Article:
A single session early intervention in which traumatised individuals are encouraged to emotionally process their experience through recollection or reworking of the traumatic event

Depression

(Aka major depression/depressive disorder, unipolar depression) A mood disorder characterised by the existence of one or more depressive episodes (in the absence of manic episodes), in which the person experiences low mood or loss of interest, accompanied by such symptoms as low energy, changes in appetite, poor concentration, feelings of guilt or worthlessness, and suicidal ideation

Dialectical behaviour therapy (DBT)

A third generation CBT developed by Marsha Linehan and colleagues for the treatment of borderline personality disorder, which emphasises behavioural change, self-acceptance and emotional regulation

Discourse Analysis

Discourse Analysis is a term used to describe a range of research approaches that focus on the use of language.

More information (pdf).

Dramatherapy

A psychotherapeutic practice that incorporates such media as performance, drama games and improvisational exercises

Drop out

Generally defined as failure to attend a last scheduled visit, or as withdrawing from therapy before a therapist thinks the client should have

DSM

One of the most widely-used systems of diagnosis: The Diagnostic and Statistical Manual of Mental Disorders of the American Psychiatric Association; now in its 4th edition ('DSM-IV')

Duluth model

A feminist-informed, psycho-educational group intervention for male perpetrators of domestic violence

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E

Eating disorders

A group of psychological difficulties characterised by compulsions to eat, or to not eat, in ways which disturb physical and psychological wellbeing

Effect size

A measure of the strength of relationship between two variables (for the purposes of this book, used synonymously with Cohen's d)

Effectiveness

The extent to which an intervention, when used under ordinary circumstances, brings about a desired effect

Efficacy

The potential to bring about a desired effect

Emotion-focused therapy

See process-experiential therapy

Empathy

Entering the private perceptual world of another and having an accurate, felt understanding of their experiencing

Empirical

Based on concrete experiences or observations, as opposed to purely theoretical conjecture: not to be confused with 'empiricism', a branch of philosophy that considers experiences or observations as the only true source of knowledge

Exposure

A set of behavioural therapeutic technique in which anxiety is purposefully evoked through confrontation with a situation that produces fear

Experiential therapies

See humanistic therapies

Exposure and response prevention treatment

Confrontation with feared situation whilst being encouraged to desist from engaging in ritual or compulsive behaviours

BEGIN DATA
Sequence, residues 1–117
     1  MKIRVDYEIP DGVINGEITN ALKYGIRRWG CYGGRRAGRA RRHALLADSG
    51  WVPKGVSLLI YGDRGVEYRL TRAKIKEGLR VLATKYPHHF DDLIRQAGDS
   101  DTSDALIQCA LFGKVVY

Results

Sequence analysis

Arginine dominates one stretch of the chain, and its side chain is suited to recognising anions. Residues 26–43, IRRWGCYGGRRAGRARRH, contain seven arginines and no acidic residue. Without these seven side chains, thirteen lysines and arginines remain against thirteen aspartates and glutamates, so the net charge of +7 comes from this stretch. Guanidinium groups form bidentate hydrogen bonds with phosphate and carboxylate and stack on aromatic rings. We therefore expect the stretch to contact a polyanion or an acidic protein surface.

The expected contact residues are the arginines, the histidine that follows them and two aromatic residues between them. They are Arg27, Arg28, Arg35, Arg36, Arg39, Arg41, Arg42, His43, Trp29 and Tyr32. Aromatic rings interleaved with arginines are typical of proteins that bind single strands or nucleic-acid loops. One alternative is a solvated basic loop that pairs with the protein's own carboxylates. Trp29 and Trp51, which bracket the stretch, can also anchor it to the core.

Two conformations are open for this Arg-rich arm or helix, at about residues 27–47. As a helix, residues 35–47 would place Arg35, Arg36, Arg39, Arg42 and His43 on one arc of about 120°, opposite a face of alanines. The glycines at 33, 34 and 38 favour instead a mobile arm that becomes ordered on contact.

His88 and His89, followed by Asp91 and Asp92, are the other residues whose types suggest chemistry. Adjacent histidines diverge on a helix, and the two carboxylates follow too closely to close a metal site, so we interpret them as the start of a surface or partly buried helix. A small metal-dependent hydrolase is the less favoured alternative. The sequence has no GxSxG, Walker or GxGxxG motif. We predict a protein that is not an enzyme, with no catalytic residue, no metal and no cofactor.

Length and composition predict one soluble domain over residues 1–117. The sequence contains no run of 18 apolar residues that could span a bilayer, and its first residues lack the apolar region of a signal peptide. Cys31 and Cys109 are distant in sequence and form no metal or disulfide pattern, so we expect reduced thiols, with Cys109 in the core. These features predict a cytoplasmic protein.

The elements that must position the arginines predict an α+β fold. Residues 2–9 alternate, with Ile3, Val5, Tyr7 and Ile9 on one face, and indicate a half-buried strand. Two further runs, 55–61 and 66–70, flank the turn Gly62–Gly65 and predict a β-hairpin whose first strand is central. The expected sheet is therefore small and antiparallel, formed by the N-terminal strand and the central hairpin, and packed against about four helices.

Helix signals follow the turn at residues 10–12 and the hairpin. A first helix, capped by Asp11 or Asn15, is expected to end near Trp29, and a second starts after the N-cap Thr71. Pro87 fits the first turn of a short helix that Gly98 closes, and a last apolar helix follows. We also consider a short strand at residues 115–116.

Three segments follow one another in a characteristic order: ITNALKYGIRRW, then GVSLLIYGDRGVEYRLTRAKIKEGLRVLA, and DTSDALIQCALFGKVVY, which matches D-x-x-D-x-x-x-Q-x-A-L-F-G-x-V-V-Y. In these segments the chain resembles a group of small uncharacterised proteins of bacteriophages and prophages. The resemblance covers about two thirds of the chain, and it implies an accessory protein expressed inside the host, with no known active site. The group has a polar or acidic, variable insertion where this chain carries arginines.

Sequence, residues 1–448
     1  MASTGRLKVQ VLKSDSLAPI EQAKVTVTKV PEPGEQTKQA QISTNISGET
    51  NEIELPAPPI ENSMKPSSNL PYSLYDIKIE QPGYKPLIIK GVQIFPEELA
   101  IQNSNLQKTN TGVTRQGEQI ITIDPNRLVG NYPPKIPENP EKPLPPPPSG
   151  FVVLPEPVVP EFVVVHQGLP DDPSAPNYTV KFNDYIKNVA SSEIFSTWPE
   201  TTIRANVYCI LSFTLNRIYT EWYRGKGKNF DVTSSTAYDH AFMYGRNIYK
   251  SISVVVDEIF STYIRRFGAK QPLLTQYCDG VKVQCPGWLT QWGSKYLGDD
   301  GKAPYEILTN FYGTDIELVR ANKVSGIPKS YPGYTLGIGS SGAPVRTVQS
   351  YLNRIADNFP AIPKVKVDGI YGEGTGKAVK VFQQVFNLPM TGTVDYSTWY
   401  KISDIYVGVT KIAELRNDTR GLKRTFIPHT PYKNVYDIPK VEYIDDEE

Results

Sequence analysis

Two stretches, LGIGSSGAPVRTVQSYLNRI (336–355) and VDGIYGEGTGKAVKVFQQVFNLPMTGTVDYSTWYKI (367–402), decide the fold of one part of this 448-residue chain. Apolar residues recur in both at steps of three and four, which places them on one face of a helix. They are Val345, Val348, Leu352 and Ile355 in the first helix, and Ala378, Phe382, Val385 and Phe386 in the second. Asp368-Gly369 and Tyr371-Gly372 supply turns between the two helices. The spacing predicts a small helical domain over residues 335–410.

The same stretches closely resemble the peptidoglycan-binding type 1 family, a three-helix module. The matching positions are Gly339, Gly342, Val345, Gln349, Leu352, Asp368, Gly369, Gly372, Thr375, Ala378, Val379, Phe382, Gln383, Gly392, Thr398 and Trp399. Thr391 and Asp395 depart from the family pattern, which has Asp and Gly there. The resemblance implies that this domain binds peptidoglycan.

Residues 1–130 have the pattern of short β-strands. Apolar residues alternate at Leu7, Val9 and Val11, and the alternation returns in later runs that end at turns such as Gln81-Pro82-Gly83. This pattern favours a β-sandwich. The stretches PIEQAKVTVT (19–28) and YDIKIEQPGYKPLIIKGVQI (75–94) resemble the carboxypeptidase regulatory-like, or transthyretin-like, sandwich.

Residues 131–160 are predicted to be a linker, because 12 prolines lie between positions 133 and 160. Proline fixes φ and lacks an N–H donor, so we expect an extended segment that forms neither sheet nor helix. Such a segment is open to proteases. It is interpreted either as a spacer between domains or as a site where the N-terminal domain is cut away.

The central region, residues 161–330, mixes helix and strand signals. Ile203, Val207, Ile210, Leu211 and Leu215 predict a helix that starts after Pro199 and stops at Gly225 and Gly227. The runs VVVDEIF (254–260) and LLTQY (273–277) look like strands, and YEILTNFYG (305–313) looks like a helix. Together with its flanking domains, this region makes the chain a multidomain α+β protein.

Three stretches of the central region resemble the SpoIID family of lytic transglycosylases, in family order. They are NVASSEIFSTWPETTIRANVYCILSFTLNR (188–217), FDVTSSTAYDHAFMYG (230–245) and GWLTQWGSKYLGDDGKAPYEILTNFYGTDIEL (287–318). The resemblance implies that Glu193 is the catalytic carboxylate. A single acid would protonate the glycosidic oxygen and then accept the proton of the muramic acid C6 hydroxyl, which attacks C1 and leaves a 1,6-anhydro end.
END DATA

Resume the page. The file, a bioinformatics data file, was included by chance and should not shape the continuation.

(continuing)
Eye movement desensitization and reprocessing (EMDR)

A psychological treatment aimed to help clients overcome distress associated with traumatic experiences, in which clients are invited to focus on an external stimulus, such as a moving object in front of their eyes, while attending to emotionally disturbing material

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F

Family therapy

A set of therapeutic practices which focus on 'treating' the family rather than any one specific individual

Feedback

Information provided to a person, from an external source, about the person's behaviour or the effects of that behaviour

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G

Generalised anxiety disorder

An anxiety disorder characterised by excessive and uncontrollable worry over everyday things, such that daily functioning is interfered with

Gestalt therapy

A humanistic, relationally-orientated psychotherapy which invites clients to participate in a range of creative 'experiments' (such as two-chair dialogue) to help them develop their here-and-now awareness and live more fully in the moment

Grief

Distress resulting from a bereavement

Grounded Theory

The grounded theory method was developed in the 1960s by two American sociologists, Barney Glaser and Anselm Strauss, as a new way to develop theory in their discipline.

More information (pdf).

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H

Hierarchy of evidence

A means of grading the strength of evidence, based on the susceptibility of research findings to bias. The following hierarchy (in descending order of importance), outlined by Eccles et al. (1998), is used as the basis for the UK Department of Health's (2001: 18) clinical practice guidelines for psychological therapies and counselling, and is the approximate order of weighting for the present text:

Ia Evidence from meta-analysis of randomised controlled trials
Ib Evidence from at least one randomised controlled trial
IIa Evidence from at least one study without randomisation
IIb Evidence from at least one other type of quasi-experimental study
III Evidence from descriptive studies, such as comparative studies, correlation studies, and case-control studies
IV Evidence from expert committee reports or opinions, or clinical experience of respected authority or both

Hypnosis

A method used to induce a trance-like state of heightened suggestibility

Hypnotherapy

Any therapy that uses hypnosis as a main technique

Hypothesis

A tentative explanation of certain observations or facts

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I

In vivo exposure

Therapeutic confrontation with the actual situation that produces fear

Imaginal exposure

Therapeutic confrontation with a visualised image of the situation that produces fear

Inpatient

A patient who resides at the institute in which he or she is being treated

Interpersonal therapy (IPT)

A structured therapy that evolved, primarily for research purposes, to operationalise the basic principles and practices of an interpersonal approach to psychodynamic therapy

Interpretations

Therapist statements which go beyond what the client has overtly recognized to suggest new understandings of experiences

Interoceptive exposure

Therapeutic confrontation with the bodily symptoms that produce fear

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J